Public sector wage freezes

As the government and trade union negotiators lock horns in the Public Service Co-ordinating Bargaining Council, there has been a growing clamour in the business community for the public sector wage bill to be slashed. After all, the ANC describes SA as a “developmental state” in which investment should take priority over consumption. Diverting a third of government spending into wages suggests precisely the opposite tendency.

The government has been forced to cut key grants for municipal infrastructure, water services and urban settlements to accommodate higher pay for more numerous public servants. A growing public sector payroll, meanwhile, forces the finance minister to borrow more, thus crowding out private investment.

Unilaterally imposed public sector pay cuts or freezes offer a tempting route to fiscal consolidation. An across-the board 10% wage cut could, in theory, reduce public spending by a whacking 3%.

But governments elsewhere have accumulated a wealth of experience about the risks of sweeping cuts or freezes. The “conditionalities” imposed by international lending institutions have often damaged countries’ longer-term economic and developmental prospects.

Since the global economic crisis unfolded in 2008, numerous countries have experimented with “austerity budgets”, featuring public sector pay freezes or cuts. The results have been at best mixed.

SA can learn the following lessons from these experiences:

• Wage cuts tend to affect aggregate demand unexpectedly hard because public sector workers have a high propensity to consume. Cuts should therefore be concentrated among highly paid public servants. Government negotiators’ current proposals, which favour employees on levels one to seven and mildly penalise levels 11 and 12, do not go anywhere near far enough;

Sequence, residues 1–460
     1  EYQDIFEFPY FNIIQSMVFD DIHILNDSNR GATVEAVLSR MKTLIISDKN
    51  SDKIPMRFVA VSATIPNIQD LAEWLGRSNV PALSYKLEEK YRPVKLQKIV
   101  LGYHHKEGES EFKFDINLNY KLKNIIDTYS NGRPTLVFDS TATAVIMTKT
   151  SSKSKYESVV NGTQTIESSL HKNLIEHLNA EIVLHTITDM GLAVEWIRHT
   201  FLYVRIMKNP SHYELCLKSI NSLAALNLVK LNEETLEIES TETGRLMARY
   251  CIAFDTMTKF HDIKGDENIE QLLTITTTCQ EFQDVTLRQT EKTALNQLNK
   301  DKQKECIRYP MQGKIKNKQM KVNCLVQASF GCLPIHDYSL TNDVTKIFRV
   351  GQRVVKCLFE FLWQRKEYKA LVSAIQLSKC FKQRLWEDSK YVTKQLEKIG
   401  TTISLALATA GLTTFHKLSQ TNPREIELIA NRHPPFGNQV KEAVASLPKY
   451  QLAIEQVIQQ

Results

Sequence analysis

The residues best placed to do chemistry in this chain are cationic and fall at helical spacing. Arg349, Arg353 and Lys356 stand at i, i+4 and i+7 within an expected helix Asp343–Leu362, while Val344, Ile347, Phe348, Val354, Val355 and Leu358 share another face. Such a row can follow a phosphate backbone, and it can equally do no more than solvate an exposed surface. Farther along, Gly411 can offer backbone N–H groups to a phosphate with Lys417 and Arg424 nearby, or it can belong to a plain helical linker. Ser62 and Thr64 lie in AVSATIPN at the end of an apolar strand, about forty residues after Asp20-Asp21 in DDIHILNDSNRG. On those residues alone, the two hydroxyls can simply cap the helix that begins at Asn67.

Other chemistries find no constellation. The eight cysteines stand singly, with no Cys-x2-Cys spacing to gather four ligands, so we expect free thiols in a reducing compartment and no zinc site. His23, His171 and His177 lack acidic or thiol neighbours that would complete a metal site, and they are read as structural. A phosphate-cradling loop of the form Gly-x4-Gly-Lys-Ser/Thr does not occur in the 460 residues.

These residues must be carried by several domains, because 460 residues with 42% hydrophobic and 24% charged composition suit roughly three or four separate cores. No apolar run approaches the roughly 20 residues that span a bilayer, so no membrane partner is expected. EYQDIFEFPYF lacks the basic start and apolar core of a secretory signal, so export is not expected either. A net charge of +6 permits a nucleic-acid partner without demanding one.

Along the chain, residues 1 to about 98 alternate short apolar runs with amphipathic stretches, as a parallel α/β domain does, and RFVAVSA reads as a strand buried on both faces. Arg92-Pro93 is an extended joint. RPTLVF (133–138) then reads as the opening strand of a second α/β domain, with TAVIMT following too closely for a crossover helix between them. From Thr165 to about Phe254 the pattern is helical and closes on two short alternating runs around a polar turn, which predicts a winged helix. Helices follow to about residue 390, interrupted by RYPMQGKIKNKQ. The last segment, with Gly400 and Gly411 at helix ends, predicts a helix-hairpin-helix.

• Increased taxes tend to promote better distributional outcomes than spending cuts. Carbon taxes, sin taxes and perhaps even land taxes can also contribute to meeting wider policy objectives;

• Approaches that spread the pain around, such as general recruitment freezes and pay cuts for the workforce as a whole, tend to result in suboptimal outcomes. Pay rises should always be linked in some way to productivity gains. Freezes of frontline posts in education, nursing and policing invariably have negative long-term consequences for human and economic development. Cuts should instead reflect a considered strategy to streamline government operations. President Cyril Ramaphosa’s pledge to “review the configuration, number and size of national government departments” is thus welcome;

• The public service is the key motor for class mobility and it has been the vector through which hundreds of thousands of black citizens entered the middle class. The government needs a clearer sense of what such sociohistorical gains are worth to the country and of how to price them; and

• The less tangible costs of freezing recruitment and pay should not be underestimated. When downsizing or cost-cutting, the best private firms prepare detailed implementation and communication plans, and follow these up with employee care and retraining programmes. Downsizing, however, still affects motivation, institutional memory and performance. In the public sector, pay or recruitment freezes that are experienced as essentially arbitrary will similarly undermine employee loyalty and engagement to the detriment of work quality and performance.

The government needs longer-range strategies for improving the quality of state spending and the performance of public servants.

• Butler teaches public policy at the University of Cape Town.

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